Jesus was faithful at study and worship, but not everyone could see and understand this.  He did not punish his neighbors who were blind to him, but slipped away so that he could live into his ministry in another place.   God calls us to worship in our community, to read and learn from scripture.  And sometimes God calls us out of one place into another.

Scroll of Isaiah from Qumran at Israel Museum, by KOREphotos

Scroll of Isaiah from Qumran at Israel Museum, by KOREphotos

He began to teach in their synagogues and was praised by everyone.  And yet, a few lines down the page, Jesus encounters people who not only don’t praise him but actively try to kill him.  People with power usually evoke mixed feelings in us.  We like that they did this, but we wish they hadn’t done that.  We agree with these decisions, but we rail against those.  Being filled with the power of the Spirit, Jesus is no different.  The gospels contain many stories about those who loved and admired Jesus and about those who hated him, scorned him, tried to trip him up at every opportunity.

Jesus knows something we struggle with: the praise — and the scorn — of other people does not last. It is a temporary thing, and it has nothing to do with the things that are eternal, the things that give life.  Jesus keeps his eyes on what is real: God, faith, love, justice.  The reactions of others may hinder us from time to time, but they have no real or lasting power.  Jesus shows us how to respond to those who get in our way: he doesn’t bash through them like a linebacker, but he slips around them, always finding a way to let the Spirit work through him.

We can learn about Jesus even in these few sentences, these few lines that set the story for us.   Our invitation this week is to find meaning and lessons for ourselves in just a few words.  God invites us to be faithful in worship and in learning from the Word.  God reminds us to pay little heed to the things that are of this world and fleeting, so that we can fix our eyes on what is real and eternal.  And Jesus shows us what it looks like to be filled with the power of the Spirit.

Give us grace, O Lord,
to answer readily the call of our Savior Jesus Christ
and proclaim to all people the Good News of his salvation,
that we and the whole world may perceive the glory of his marvelous works;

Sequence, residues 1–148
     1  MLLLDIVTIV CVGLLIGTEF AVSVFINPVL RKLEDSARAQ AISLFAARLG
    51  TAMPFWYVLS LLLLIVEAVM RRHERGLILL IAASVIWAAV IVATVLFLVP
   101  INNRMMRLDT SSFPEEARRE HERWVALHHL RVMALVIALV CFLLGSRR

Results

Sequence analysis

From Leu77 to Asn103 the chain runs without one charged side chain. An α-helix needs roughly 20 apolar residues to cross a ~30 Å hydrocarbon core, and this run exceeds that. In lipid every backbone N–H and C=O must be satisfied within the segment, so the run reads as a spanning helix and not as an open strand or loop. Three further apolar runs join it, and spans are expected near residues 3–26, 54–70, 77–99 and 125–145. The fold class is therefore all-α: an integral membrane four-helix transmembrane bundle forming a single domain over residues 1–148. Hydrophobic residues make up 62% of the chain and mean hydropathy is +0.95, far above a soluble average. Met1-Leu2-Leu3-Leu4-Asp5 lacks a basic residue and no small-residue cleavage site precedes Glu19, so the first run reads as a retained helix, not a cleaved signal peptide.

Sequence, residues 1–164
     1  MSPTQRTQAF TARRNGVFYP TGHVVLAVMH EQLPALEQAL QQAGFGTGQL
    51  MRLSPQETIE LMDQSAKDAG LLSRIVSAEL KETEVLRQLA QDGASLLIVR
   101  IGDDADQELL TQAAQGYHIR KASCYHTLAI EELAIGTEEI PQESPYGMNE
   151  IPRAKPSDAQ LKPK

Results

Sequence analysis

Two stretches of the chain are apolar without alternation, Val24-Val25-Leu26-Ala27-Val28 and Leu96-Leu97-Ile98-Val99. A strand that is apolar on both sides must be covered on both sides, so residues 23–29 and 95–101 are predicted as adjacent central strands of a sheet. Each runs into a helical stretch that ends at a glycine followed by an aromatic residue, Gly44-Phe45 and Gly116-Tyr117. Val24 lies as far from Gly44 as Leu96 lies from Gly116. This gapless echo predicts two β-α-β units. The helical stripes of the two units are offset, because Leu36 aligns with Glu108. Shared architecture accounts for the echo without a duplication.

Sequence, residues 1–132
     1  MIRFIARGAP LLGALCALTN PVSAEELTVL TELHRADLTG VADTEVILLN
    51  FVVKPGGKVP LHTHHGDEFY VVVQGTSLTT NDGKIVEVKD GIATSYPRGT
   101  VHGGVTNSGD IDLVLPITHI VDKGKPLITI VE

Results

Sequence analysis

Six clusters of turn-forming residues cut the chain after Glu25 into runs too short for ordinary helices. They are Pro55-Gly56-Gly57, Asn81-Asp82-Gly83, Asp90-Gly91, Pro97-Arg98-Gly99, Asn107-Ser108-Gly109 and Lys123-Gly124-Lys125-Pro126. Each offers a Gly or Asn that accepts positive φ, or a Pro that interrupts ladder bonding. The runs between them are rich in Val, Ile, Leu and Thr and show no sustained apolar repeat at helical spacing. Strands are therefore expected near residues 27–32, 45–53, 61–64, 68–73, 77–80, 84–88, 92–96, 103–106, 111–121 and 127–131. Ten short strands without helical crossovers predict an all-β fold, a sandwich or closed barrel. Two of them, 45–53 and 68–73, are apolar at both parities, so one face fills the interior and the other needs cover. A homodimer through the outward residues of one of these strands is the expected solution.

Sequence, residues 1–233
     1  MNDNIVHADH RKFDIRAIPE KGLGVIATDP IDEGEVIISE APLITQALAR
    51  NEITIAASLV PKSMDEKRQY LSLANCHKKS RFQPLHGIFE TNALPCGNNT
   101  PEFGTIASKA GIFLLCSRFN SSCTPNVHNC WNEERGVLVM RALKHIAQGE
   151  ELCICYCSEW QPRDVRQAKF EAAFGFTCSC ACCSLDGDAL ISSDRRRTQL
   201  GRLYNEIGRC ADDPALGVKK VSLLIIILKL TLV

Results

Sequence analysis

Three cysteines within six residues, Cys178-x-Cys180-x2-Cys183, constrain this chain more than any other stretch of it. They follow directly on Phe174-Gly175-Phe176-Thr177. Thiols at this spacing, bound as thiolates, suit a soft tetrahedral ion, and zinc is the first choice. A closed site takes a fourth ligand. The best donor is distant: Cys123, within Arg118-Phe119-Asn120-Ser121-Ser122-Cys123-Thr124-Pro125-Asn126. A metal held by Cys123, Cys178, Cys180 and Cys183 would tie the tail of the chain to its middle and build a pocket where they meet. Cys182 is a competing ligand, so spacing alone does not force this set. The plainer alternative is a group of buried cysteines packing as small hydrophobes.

who lives and reigns with you and the Holy Spirit,
one God, for ever and ever.

Amen.

what’s in a name? (year c, second sunday after the epiphany)

January 14, 2013

You shall be called by a new name that the mouth of the LORD will give.

Abraham Isaac Iacob, photo by Stifts- och landsbiblioteket i Skara

Abraham Isaac Iacob, photo by Stifts- och landsbiblioteket i Skara

Thus says God, through the book of Isaiah in the scriptures appointed for this coming Sunday.  There are several stories in the bible of people who receive a new name.  Abram and Sarai become Abraham and Sarah, once they enter into covenant with God.  Their grandson Jacob becomes known as Israel — the father of God’s chosen people.  And during the early days of The Way, the persecutor Saul becomes Paul, dogged and faithful apostle to the world.

We’ve heard three other stories about names just in the last month.  The angel Gabriel told Mary to name her child Jesus.  The angel who told Zechariah and Elizabeth about their miraculous child also told them the name the child should have.  Zechariah laughed at the idea of begetting a child in their old age, for which the angel struck him mute.  When it was time to formally name the child John, they heard objections: “But there aren’t any Johns in your family! Choose a different name!”  Zechariah wrote down “Name him John,” and his voice returned.  And on January 1, we observed the Feast of the Holy Name of Our Lord, celebrating the day when Jesus was ritually named and circumcised.

What’s so important about names?  We give names to our children when they are born.  Many of us change our name when we marry.  We give each other nicknames based on our physical appearance or our behavior.  We call those we love by pet names.  I’ve called my daughter any number of names, beyond the ones we gave her at birth: Sweetpea, Boo, Angel, Princess, Ladybug.  I don’t even notice these until after they leave my mouth, and I’ve even found myself becoming one of those southern women, who call people dear or honey without realizing it.  In middle school or high school, we often change from “childish” nicknames (Tommy, Jimmy, Jenny) to take on the more “grown-up” names (Thomas, James, Jennifer).  We may even try on our middle name for a while, to see whether it better fits who we believe ourselves to be.

In the Waters of Baptism, photo by Charles Clegg

In the Waters of Baptism, photo by Charles Clegg

There are other Christian traditions for changing one’s name or for taking a new name.  Some choose to take a new name when they are baptized or confirmed.  This may be added as an additional middle name, or it may replace one’s first name, and it may or may not be legally changed.  Many vowed Religious choose new names–or are given new names–when they take their vows.